Comparison Between Effectiveness of Ultrasound-Guided Corticosteroid Injection Above Versus Below the Median Nerve in Mild to Moderate Carpal Tunnel Syndrome: A Randomized Controlled Trial

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In this study, the clinical effectiveness of ultrasound-guided corticosteroid injection “above” versus “below” the median nerve for treatment of patients with mild to moderate carpal tunnel syndrome was compared.


This prospective randomized double-blind clinical trial included 44 patients with mild to moderate carpal tunnel syndrome. The subjects were randomly assigned to two groups to receive ultrasound-guided injection of 40 mg of triamcinolone either “above” or “below” the involved median nerve. Outcome measures were the Boston Carpal Tunnel Questionnaire, visual analog scale, electrophysiological tests, and ultrasonographic measurement of the median nerve cross-sectional area at baseline, 6, and 12 wks after the injection.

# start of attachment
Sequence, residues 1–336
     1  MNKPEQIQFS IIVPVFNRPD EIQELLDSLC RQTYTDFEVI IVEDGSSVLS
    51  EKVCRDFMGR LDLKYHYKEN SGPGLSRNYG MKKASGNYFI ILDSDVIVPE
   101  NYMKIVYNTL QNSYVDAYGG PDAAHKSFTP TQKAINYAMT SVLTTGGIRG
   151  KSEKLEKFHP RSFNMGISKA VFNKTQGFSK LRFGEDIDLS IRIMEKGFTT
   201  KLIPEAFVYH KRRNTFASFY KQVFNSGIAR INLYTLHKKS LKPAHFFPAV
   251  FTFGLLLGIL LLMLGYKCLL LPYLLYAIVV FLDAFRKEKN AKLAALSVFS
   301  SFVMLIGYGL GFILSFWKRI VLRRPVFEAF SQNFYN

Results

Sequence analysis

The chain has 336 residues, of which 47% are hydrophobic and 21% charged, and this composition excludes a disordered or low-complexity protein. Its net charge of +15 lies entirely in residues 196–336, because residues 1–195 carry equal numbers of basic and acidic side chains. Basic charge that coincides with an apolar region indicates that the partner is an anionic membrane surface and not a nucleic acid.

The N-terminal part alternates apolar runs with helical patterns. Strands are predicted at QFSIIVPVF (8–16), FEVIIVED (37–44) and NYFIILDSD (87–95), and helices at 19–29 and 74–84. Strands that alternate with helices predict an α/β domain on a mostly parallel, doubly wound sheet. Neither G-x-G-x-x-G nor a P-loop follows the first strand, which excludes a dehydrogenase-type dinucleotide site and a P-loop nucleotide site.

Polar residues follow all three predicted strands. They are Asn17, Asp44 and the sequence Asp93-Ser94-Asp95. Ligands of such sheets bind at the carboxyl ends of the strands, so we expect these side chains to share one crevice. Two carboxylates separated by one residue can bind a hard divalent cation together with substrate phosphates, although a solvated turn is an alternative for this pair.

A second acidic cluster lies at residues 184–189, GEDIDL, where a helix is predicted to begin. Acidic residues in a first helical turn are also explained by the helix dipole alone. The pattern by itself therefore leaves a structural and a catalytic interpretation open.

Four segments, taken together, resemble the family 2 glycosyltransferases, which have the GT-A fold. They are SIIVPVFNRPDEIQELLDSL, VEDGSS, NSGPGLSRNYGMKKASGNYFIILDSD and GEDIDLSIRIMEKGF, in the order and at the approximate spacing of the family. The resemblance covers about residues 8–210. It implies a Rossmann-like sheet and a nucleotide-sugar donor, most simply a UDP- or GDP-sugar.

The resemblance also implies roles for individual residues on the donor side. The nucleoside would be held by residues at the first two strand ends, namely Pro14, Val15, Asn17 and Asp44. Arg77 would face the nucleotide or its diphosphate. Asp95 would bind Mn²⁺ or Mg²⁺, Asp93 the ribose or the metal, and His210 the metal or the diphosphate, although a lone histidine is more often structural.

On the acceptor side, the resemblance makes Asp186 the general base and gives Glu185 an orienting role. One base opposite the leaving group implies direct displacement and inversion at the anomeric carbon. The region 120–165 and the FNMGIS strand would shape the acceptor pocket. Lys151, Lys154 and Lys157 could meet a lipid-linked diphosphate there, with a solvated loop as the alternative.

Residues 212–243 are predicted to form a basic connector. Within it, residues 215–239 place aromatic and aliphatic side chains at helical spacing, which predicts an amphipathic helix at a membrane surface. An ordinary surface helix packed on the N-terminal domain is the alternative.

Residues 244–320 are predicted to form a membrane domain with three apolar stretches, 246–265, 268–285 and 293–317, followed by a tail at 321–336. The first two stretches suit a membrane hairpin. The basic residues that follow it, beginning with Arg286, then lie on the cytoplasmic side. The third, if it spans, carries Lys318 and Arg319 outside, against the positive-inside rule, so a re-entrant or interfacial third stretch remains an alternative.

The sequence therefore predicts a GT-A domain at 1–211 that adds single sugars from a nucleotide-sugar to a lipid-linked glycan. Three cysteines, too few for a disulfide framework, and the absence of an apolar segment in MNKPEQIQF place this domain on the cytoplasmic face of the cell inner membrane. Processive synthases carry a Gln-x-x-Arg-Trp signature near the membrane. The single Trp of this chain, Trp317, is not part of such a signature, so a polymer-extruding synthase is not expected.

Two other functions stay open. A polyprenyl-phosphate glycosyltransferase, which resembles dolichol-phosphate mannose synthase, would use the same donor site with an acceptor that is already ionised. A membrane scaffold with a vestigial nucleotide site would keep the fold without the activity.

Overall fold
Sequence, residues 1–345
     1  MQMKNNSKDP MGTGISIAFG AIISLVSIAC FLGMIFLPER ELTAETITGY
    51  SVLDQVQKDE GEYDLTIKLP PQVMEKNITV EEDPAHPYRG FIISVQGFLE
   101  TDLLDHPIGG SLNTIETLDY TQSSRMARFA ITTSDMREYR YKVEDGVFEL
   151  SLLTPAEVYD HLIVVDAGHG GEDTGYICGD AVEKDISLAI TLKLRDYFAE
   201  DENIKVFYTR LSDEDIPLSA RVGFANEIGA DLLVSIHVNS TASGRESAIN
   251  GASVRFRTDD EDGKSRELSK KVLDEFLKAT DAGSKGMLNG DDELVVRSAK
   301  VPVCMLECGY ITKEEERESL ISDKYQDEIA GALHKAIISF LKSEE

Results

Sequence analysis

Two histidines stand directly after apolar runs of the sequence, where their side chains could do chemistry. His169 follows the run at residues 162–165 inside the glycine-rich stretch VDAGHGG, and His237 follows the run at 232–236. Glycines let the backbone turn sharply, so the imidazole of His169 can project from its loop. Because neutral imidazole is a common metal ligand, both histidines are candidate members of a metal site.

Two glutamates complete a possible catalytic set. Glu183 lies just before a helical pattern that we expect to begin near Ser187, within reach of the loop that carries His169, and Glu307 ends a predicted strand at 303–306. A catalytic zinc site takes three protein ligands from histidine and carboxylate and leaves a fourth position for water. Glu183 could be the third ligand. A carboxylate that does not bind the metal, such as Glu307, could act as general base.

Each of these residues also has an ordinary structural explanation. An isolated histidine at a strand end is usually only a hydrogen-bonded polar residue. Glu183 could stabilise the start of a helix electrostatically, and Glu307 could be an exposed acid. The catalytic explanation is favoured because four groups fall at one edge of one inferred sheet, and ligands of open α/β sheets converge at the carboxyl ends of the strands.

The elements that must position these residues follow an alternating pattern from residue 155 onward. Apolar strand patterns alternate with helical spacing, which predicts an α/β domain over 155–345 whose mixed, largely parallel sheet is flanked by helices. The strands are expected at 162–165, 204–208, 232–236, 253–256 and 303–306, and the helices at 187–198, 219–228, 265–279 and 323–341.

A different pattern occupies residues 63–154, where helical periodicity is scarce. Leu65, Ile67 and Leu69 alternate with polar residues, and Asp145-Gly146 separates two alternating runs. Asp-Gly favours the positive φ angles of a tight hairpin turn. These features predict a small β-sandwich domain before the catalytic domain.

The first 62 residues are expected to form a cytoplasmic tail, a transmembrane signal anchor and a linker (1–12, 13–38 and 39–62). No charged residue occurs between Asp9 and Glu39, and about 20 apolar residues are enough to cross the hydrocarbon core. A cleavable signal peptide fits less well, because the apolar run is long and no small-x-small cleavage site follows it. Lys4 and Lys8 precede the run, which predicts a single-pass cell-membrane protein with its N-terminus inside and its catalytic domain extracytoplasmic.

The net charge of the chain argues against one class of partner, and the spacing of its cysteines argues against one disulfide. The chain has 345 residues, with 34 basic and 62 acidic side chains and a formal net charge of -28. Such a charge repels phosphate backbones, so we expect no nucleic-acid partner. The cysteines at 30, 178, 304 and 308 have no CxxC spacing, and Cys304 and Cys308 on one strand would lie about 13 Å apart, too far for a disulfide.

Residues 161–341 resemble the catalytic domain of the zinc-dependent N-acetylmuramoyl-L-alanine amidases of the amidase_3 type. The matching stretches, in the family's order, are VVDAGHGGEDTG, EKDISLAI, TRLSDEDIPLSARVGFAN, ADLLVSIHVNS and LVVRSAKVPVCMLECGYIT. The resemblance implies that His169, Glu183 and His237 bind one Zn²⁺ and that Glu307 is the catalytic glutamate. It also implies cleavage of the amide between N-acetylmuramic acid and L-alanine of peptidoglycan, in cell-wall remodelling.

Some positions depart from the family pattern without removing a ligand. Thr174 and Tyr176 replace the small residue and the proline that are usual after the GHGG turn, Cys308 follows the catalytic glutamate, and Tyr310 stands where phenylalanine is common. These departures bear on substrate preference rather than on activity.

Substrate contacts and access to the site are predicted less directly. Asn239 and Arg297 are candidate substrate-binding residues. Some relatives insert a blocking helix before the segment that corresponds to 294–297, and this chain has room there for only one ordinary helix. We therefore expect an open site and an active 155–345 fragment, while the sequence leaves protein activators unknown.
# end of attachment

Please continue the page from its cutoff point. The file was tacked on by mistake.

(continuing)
All outcome measures improved significantly in both groups at 6 wks after intervention, and these improvements were persevered up to 12 wks of follow-up (all P values <0.05). However, there was no significant difference in measured outcomes between the two groups. No adverse effects were observed.


Both above and under median nerve ultrasound-guided steroid injection techniques were effective in reducing the symptoms, improving the function, and improving electrodiagnostic and sonographic findings of carpal tunnel syndrome. However, the amount of improvement in the outcomes did not differ between groups, implying that none of technique has the superiority over another.

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